Hodgson, the editor-in-chief of Little, Brown U.K., makes her fiction debut with The Devil in the Marshalsea, a historical mystery.

What led you to write a novel?

I love making up stories. When I was about four years old, I started inventing characters and stories and I’ve never stopped. It’s a great trick for long car journeys—I seemed to spend most of my childhood in the back of a car. Of course, there’s a big difference between idly dreaming and writing a novel—but the spark of imagination is the same. I can’t quite put my finger on when I started thinking of The Devil in the Marshalsea, but it began with my main character and spun out from there. I’m used to having characters wandering about my head. I had spent years writing a gothic novel. Yes, there were vampires. It had far too many characters, far too many plot threads. The prologue was 60,000 words! Terrifying. But I learned a lot in the process.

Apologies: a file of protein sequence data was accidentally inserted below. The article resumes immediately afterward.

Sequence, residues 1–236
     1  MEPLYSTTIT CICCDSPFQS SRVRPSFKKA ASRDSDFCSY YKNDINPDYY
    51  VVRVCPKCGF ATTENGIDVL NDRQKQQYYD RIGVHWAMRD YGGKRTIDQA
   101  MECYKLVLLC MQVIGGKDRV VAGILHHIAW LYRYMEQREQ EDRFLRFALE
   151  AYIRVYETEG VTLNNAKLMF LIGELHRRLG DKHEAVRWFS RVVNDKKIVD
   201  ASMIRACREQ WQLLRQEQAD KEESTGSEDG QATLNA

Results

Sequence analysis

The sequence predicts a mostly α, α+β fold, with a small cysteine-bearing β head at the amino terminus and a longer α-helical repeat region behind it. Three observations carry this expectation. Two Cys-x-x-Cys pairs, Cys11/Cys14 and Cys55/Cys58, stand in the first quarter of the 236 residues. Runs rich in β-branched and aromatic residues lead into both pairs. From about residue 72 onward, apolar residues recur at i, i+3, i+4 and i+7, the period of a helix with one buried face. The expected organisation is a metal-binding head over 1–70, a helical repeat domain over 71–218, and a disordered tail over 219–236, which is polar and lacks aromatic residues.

I understand that 18th-century English porn was a valuable source for your book.

My main character, Tom Hawkins, is a young, disreputable fellow. He hangs out in gaming rooms, brothels, and shady coffeehouses. London was pretty wild—the biggest city in the world with no police force. It’s been estimated that one in five women was involved in the sex trade at the time. So for the sake of authenticity, my primary sources needed to include criminal biographies and “libertine literature.” I appreciate that this all sounds like a massive excuse to read filth all day.

Why set the book in 1727?

A decade earlier, George I was on the throne. He was extremely unpopular, partly because he didn’t like England very much and didn’t speak the language. I chose 1727 because this was the year his son, George II, became king. People believed things would change, the same way people feel now when there’s a new government or president. I liked the idea of setting the novel on that hinge between hope and disillusionment.

How did your work as an editor influence your writing of fiction?

Very little, perhaps surprisingly. As an editor, it’s my job to be supportive but objective. Objectivity is impossible and unwelcome when you’re immersed in writing. Once I’ve written my first draft I can stand back a little, but no more than any other author. I still need an editor—very much so. I didn’t expect how vulnerable writing it made me feel, handing it over. I wrote in secret, and felt very exposed when I sent out the manuscript.